WASHINGTON — Legal advocates tasked by a federal judge with helping to find migrant families separated at the U.S. border in 2017 and 2018 say that after months of pleas, the government last week handed over new data that could be critical to helping them find the families.
In a federal court filing in California late Wednesday, the lawyers said Justice Department data from the Executive Office for Immigration Review, which includes information for parents and children in immigration court proceedings, was released to them last week.
"Among other things, the information includes phone numbers that had not previously been known," the lawyers said in the filing.
U.S. District Judge Dana Sabraw ordered last year that a steering committee of legal groups and nonprofits find missing families after the Trump administration separated parents and children crossing the border illegally in 2017 and 2018 but failed to keep track of the families it had separated.
NBC News reported last month that the parents of 666 migrant children had yet to be found by pro bono lawyers, making the path to reunification difficult for many. The filing Wednesday said some families have been identified since then, bringing the number of parents whose whereabouts are still unknown to 628.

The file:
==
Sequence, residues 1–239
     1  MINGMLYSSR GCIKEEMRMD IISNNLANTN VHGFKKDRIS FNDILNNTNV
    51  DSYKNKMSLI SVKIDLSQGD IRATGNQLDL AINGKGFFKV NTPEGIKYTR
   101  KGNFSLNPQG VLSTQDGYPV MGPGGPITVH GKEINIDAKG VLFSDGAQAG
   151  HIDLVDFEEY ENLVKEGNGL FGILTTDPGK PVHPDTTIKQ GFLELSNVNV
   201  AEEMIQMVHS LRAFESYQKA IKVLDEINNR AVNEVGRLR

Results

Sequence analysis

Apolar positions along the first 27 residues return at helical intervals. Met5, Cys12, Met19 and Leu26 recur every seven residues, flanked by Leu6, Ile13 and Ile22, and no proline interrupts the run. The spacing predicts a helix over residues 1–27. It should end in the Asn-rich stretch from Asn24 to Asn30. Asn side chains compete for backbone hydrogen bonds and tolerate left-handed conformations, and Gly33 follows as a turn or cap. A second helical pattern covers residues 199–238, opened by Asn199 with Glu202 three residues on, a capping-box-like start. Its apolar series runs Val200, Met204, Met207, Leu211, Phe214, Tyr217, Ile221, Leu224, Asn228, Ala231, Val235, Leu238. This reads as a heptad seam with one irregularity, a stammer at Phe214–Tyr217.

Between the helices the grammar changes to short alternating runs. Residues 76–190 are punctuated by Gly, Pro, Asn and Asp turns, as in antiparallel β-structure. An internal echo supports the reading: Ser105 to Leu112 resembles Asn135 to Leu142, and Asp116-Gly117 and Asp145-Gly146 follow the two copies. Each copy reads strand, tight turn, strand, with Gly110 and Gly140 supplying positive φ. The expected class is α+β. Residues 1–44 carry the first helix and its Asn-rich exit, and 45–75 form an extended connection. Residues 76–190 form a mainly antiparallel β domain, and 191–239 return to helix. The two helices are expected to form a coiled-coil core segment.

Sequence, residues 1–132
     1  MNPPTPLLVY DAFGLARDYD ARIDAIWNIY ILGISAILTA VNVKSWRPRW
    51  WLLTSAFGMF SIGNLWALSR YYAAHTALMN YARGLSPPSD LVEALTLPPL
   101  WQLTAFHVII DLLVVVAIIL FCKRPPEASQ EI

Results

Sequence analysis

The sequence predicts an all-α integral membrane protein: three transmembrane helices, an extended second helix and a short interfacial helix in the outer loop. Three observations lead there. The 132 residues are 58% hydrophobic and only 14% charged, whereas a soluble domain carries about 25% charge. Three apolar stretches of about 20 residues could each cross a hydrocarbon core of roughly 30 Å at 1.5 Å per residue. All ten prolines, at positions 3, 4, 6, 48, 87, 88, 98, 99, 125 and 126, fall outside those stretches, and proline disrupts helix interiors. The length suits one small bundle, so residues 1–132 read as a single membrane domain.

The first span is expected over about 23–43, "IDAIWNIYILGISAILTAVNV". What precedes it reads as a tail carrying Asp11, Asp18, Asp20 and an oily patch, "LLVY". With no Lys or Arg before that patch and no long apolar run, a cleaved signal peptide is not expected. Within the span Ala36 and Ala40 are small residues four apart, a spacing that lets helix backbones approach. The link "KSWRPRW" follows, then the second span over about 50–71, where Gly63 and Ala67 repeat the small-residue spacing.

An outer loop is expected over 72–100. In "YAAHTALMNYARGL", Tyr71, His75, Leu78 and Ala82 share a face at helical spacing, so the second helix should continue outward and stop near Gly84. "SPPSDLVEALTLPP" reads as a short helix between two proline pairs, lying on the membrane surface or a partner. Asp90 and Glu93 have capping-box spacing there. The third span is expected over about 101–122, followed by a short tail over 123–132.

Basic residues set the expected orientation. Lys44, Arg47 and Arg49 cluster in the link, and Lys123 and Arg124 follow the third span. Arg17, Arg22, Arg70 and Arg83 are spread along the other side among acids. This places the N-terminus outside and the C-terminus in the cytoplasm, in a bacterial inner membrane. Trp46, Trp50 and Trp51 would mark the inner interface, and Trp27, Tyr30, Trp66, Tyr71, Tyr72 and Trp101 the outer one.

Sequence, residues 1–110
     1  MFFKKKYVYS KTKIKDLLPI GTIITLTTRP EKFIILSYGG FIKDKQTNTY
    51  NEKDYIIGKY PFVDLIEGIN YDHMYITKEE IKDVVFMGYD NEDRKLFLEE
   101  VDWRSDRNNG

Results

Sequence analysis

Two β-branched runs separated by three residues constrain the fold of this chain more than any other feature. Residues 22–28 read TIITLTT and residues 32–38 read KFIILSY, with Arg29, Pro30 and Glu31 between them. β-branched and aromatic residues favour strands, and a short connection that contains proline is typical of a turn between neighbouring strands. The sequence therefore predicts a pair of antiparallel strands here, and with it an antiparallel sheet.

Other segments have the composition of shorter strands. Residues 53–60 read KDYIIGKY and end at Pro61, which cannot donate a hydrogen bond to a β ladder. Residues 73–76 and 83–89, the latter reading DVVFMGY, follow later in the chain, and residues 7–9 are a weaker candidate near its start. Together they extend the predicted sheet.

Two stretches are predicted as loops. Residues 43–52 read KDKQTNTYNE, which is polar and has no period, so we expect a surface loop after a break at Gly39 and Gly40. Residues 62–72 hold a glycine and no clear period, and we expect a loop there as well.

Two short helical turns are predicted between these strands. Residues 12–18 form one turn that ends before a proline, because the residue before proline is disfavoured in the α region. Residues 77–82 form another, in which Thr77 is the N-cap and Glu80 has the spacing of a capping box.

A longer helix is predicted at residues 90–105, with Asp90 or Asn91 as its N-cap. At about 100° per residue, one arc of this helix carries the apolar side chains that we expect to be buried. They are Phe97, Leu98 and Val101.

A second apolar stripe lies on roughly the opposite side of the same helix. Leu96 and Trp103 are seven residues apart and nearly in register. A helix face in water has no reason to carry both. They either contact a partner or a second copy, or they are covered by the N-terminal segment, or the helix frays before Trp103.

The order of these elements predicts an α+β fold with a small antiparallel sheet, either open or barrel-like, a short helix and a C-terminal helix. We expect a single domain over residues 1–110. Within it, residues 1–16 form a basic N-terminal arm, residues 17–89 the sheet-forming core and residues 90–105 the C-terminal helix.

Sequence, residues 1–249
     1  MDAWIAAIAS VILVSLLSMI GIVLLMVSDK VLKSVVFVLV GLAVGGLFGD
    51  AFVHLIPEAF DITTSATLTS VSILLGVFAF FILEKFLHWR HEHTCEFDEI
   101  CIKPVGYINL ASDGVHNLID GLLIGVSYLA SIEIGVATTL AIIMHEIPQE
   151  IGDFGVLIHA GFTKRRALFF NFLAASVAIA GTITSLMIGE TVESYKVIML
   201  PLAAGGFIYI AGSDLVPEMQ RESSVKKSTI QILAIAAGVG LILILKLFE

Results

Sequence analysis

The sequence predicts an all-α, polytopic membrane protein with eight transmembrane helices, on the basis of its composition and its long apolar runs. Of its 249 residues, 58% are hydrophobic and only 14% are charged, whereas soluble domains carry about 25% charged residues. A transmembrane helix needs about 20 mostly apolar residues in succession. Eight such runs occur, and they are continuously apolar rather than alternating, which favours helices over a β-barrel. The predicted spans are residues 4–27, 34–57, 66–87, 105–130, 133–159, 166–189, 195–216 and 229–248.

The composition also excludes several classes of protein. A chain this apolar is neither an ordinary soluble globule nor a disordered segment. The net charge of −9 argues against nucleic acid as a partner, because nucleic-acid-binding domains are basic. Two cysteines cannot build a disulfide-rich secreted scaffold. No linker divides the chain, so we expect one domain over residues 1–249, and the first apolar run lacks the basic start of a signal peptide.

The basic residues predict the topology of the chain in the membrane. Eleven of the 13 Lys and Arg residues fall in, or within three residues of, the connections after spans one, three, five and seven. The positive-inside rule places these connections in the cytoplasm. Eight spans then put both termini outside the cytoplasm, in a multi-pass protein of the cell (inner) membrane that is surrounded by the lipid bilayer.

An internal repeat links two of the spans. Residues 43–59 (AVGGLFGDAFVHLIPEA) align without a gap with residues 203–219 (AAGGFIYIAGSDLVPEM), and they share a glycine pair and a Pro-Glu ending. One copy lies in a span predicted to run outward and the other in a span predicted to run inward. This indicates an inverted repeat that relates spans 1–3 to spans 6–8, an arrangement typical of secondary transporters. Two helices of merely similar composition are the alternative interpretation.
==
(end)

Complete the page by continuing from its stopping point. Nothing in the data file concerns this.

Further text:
With the new data, which lawyers said they have not had adequate time to review, the number could be reduced further.
"We have been repeatedly asking the Trump administration for any additional data they might have to help locate the families and are only finally getting these new phone numbers and addresses," said Lee Gelernt, deputy director of the ACLU Immigrants' Rights Project. "Unfortunately, it took the issue reaching the level of a presidential debate to move them to give us this data."
"Everyone's been asking whether the Trump administration has been helping to find these families. Not only have they not been helping, but they have been withholding this data forever," Gelernt said.
President-elect Joe Biden has said he will set up a task force to find and reunite separated families, although his transition team has not yet committed to give parents who have been deported the option to come to the United States to reunite with their children.
A spokeswoman for the Executive Office for Immigration Review said the office does not comment on pending litigation.